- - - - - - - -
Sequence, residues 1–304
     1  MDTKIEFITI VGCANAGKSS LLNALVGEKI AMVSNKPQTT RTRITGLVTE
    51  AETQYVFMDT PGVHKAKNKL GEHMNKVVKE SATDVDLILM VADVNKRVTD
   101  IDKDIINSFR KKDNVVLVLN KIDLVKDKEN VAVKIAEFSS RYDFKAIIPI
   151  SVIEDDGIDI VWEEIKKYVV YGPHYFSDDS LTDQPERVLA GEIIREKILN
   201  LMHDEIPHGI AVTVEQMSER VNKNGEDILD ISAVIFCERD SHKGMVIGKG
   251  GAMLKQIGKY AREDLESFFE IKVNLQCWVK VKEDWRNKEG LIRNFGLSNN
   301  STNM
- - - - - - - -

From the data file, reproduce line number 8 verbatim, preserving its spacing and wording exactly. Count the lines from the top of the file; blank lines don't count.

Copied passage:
   301  STNM